I honestly didn’t expect Kel and the group to find the refugee camp in this chapter, though. YEAH, I GOT NERVOUS IMMEDIATELY. BECAUSE WHY WOULDN’T YOU. How were these 25 (give or take) people going to rescue hundreds of refugees from slaveholders and soldiers who were mostly likely going to outnumber them?
BY EXPLOITING THEIR WEAKNESSES. Kel brilliantly decides to hit the soldiers and fighters where they are weakness. Using their exhaustion and inattentiveness to her advantage, she sends the animals into the camp to help with the escape. Jump brings lockpicks to Morun; animals deliver hidden weapons to many of the prisoners; the most “rangy” cats bring herbs that induce sleepiness to the women in charge of cooking for the guards. I admit that the refugees’ revenge on their guards filled me with delight because it’s purely a power fantasy. If you’d been subjected to the treatment many of these people have, wouldn’t you enjoy killing them? I think that’s best represented in Peliwin, who violently hacks a dead guard apart until Kel stops her. “He hurt me,” she tells Kel, and the signs of abuse are all over her body.
Actually, that scene is neat for another reason:
“You’ve fixed it so he’ll never hurt anyone else. You can forget about him.” She winced, knowing she’d just said a very foolish thing. “I mean, you can live your life. I guess you won’t be able to forget him.”
It’s an important scene for me because I’ve had people say the first part to me without ever correcting themselves. As someone who’s been a victim of multiple kinds of abuse over the years, there’s nothing more insulting than someone telling me to just forget it. Physical, emotional, and mental violence has a way of embedding itself within your skin that makes it hard to ever forget. It doesn’t work that way because triggers can be so ubiquitous for certain types of trauma, you know? So I appreciate that Kel immediately recognizes that she’s said something gross to Peliwin and then corrects herself. Bravo, Kel.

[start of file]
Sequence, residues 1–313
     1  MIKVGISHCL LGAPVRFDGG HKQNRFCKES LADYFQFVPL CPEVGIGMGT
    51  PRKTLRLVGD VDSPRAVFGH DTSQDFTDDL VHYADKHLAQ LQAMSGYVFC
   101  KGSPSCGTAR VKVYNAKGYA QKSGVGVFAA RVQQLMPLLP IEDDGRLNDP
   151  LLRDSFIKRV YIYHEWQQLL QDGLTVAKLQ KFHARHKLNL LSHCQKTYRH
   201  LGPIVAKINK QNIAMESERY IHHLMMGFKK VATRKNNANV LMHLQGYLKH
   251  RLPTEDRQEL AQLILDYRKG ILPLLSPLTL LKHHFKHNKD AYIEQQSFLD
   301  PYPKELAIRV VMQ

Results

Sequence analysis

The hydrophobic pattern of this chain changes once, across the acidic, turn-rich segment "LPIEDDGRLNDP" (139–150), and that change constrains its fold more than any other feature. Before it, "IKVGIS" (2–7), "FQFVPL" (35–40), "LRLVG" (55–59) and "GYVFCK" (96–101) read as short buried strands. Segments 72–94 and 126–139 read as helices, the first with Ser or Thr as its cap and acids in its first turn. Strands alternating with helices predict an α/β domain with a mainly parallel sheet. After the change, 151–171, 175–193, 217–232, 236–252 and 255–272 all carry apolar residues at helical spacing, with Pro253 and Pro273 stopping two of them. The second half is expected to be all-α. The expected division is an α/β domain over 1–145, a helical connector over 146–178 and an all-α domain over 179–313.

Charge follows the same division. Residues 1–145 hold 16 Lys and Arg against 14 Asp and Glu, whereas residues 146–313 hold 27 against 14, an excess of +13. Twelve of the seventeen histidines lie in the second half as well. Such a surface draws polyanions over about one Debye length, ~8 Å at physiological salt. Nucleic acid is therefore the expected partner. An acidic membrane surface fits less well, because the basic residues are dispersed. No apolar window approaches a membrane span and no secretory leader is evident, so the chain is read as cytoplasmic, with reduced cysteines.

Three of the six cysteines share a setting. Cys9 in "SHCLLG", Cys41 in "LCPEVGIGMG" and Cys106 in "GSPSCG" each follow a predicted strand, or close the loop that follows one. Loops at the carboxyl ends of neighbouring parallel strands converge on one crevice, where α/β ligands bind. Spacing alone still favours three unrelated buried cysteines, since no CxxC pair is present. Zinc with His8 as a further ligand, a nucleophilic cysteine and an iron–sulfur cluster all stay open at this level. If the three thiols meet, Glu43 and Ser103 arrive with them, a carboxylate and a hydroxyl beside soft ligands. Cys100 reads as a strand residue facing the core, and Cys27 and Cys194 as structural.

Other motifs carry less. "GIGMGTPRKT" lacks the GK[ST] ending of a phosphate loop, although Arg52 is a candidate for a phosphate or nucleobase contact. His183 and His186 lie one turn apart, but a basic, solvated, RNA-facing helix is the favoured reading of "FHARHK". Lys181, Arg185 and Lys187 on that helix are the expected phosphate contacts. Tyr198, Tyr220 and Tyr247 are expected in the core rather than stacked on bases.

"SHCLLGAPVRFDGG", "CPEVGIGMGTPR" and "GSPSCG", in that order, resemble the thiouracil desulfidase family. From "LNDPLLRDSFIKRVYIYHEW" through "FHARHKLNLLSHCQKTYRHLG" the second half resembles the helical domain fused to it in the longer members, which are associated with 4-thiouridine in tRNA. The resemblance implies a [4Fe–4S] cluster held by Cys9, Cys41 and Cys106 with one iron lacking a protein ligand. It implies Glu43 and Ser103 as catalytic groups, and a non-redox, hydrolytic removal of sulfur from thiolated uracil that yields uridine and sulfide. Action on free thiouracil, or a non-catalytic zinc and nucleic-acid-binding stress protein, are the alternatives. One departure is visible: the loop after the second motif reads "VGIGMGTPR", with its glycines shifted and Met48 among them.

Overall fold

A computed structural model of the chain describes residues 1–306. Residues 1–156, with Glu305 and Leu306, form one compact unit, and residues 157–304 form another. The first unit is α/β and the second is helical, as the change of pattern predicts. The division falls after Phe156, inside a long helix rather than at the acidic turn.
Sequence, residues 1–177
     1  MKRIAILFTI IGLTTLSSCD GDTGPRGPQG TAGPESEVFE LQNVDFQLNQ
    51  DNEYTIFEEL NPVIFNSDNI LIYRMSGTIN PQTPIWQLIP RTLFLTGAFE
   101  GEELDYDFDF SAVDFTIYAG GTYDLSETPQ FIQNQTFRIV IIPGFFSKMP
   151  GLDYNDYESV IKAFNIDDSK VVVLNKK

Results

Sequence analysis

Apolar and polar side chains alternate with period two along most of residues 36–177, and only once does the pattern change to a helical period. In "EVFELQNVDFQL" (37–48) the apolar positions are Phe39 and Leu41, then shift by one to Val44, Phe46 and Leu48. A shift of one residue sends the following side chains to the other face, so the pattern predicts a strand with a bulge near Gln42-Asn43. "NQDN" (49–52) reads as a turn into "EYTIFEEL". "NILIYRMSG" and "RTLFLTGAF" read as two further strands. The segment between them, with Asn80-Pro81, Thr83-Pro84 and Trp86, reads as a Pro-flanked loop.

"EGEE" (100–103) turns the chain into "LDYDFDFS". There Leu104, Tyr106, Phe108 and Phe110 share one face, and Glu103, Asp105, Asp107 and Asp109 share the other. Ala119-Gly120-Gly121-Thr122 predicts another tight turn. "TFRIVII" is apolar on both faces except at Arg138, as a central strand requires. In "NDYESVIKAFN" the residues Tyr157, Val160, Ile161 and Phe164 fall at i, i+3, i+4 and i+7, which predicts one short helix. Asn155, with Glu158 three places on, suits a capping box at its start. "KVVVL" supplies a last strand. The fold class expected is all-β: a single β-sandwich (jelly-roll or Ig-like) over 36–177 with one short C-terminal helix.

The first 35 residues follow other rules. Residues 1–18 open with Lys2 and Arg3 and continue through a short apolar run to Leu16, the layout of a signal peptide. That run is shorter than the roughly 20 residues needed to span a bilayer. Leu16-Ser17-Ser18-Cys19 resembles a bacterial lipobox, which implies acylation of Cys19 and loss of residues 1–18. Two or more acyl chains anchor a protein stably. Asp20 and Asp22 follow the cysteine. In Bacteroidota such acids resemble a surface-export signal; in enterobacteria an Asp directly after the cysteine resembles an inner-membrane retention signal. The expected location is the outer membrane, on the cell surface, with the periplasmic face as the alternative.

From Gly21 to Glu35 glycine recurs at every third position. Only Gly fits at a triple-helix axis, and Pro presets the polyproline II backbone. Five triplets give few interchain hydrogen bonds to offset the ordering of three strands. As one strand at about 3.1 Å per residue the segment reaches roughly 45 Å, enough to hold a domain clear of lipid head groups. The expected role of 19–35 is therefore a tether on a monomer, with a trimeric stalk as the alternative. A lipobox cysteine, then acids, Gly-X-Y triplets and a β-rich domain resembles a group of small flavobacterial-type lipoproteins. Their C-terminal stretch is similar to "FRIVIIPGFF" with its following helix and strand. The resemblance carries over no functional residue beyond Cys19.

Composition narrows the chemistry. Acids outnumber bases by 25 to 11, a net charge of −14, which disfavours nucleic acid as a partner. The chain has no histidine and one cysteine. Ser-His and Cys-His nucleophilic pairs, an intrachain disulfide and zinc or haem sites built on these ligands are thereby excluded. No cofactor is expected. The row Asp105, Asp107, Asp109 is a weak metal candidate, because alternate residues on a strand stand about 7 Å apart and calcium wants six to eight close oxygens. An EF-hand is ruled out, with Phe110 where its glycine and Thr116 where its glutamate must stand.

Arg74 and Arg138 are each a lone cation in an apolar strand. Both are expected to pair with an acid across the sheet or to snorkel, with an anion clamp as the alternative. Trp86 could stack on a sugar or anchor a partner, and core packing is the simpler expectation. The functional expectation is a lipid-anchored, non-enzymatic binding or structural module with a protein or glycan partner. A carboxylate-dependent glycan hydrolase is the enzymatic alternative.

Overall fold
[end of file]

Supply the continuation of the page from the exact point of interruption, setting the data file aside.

This chapter also clearly sets up where Kel’s story is headed next: to Blayce. Oh gods, remember when I wondered how Kel would ever cross paths with Blayce if she was stuck in one place? You may continue to sob at how unprepared I was for this. I wasn’t surprised by her decision to go after the children. Even for purely practical reasons unrelated to Kel’s emotional duty to these kids, letting the enemy make 200 killing devices at once is just foolish. They provide such a huge advantage to the Scanrans, so from a military perspective, there’s a need to go after them.
The hard part for Kel here is deciding who comes with her and who returns with the refugees. The group is too large to all come along with Kel, but I also think Kel’s learned her lesson by refusing to go by herself. Notice that she doesn’t tell Neal, Owen, Dom and his men, Saefas, Fanche, or Gil and his men to turn back. (Though I could be wrong about Saefas and Fanche. Kel may have made them return with the refugees but just never said it. I guess I’ll see in the next chapter.) I think Kel is more aware than ever of the gravity of what she needs to do, even from a personal standpoint:
“I put eight long, hard years into this. I’ll feel very foolish if I’m killed with the paint still wet on my shield.”
Oh, Kel, thanks for breaking my heart. But I have faith that if anyone can do it, it’s this lady knight from Mindelan, the protector of the small.
Please note that in the original text and the video below that the word “lame” is used in context of a horse, but it may trigger you regardless.